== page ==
Past Experience

  • Peer assisted study scheme (PASS) leader

    October 2010 --- May 2011
    mentored a group of first year students; creatively constructing ways to help them learn lecture material, directing them to appropriate materials that will help promote their development. transferable skills: reliability; creativity; clear organisation of material; Flexibility; guiding the direction of discussion; explaining science at a level appropriate for the audience.

  • Classroom assistant

    July 2007 --- July 2009
    assisted teachers with administration and Teaching young kids the English language at an English language summer school for kids (2 weeks each year between the summer of 2007 and summer of 2009). skills: responsibility of care; patience; preparing and organizing material to a deadline.

  • Team Leader

    June 2006 --- September 2008
    albert heijn is the largest and highest-quality supermarket chain in the netherlands. i was employed at a medium-size branch (approximately 150 staff) for 6-12 hours per week. progressed from general shop-floor tasks to team Leader, with responsibility for opening the supermarket branch in the early morning and leading the pre-opening Operations team; most senior staff Member in the supermarket up to the time it opened to customers. skills: responsibility for producing results; team work; task Time Management; Teaching a process and the importance of that process to the whole business to junior team members; Leadership (incl. motivation, discipline and giving instructions to build an effective workforce).

Personality

Self Assessment :
Analytical thinkingAttention to detailCritical thinkingCreative thinkingCuriosityDiligenceFlexibilityInterest in knowledgeProblem solvingResponsibilityResult Oriented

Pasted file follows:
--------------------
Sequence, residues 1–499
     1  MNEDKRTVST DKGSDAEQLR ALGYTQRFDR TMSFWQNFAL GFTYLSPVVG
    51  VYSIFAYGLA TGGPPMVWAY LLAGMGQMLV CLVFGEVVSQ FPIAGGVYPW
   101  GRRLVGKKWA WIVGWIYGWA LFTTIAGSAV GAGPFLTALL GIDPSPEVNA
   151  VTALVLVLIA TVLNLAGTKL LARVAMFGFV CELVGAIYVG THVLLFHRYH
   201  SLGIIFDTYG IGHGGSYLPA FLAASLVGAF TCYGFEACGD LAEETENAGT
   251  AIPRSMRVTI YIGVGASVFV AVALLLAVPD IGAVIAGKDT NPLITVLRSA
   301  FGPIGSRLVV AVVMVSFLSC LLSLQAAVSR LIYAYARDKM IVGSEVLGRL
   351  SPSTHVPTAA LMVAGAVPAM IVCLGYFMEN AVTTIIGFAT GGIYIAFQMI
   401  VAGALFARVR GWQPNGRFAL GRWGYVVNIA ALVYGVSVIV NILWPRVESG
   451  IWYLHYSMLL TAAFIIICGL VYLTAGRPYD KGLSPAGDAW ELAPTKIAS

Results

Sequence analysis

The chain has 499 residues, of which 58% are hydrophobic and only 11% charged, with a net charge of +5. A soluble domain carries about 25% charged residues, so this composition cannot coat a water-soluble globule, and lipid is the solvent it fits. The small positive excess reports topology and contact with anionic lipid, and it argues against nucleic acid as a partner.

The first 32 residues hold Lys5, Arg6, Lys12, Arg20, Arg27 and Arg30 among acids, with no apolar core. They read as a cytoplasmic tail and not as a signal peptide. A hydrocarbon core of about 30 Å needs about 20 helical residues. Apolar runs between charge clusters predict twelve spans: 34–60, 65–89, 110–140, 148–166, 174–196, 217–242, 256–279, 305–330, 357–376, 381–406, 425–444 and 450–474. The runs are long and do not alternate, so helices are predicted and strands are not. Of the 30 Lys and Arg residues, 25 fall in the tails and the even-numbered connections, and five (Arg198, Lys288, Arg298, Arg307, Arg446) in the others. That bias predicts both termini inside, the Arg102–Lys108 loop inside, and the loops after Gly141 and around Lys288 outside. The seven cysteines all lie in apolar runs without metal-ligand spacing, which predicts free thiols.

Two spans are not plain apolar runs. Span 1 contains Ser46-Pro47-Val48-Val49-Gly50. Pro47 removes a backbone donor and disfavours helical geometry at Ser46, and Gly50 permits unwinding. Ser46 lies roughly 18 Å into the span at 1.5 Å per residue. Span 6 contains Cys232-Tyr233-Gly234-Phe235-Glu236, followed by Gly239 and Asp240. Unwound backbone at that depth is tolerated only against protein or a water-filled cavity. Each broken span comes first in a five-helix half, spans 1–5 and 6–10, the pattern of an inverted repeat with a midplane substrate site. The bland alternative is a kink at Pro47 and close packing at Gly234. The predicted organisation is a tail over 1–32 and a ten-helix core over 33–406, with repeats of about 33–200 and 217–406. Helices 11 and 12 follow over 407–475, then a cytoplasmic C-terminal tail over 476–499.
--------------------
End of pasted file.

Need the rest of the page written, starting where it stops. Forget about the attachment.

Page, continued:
Knowledge

LinkedIn Assessment :
ImmunologyProtein chemistryCell CultureqPCRscienceRing cloningForward and reverse transfection of siRNA and cDNATrypan blue stainingCrystal violet stainingCyQUANT cell proliferation assayTranscription factor luciferase assayTrizol RNA extractionFluorescent activated cell sorting (FACS) of cell cycle progressionExtraction and purification of mitochondriaSDS/Bis-Tris gel electrophoresisClick chemistry and in-gel fluorescenceCoomassie and silver staining of gelsImmunoblotting (ECL and Li-Cor)ImmunoprecipitationTrichloroacetic acid protein precipitationGlutathione S-transferase protein pull downRecombinant enterokinase cleavage capture of fusion proteinsReverse transcription PCRQualitative agarose gel PCRQuantitative real-time PCRNuclear Magnetic Resonance (NMR) spectroscopyGas chromatography-mass spectrometry (GC-MS)MicroinjectionmRNA synthesisLightsheet MicroscopyMini/Midi/Maxi-prepsChondrocyte differentiation/Phosphatase assaymolecular biologyCell biologyBiochemistryConfocal MicroscopyLife SciencesWestern BlottingMicroscopyResearchPolymerase Chain Reaction (PCR)

Education

  • Biomedical Research M.Res. in Oncology and Cancer Biology from Imperial College London in 2012
  • M.Res. in Biomedical Research from Imperial College London in 2012
  • B.Sc. in Biomedical Sciences from University of Manchester in 2011
  • Biomedical Sciences B.Sc. (Hons) in Biomedical Sciences, General from The University of Manchester in 2011
  • A levels in Biology, Chemistry, Maths, Dutch from British school in the Netherlands in 2008

Area / Region

Utrecht, Netherlands

Others

Driving License
  • Yes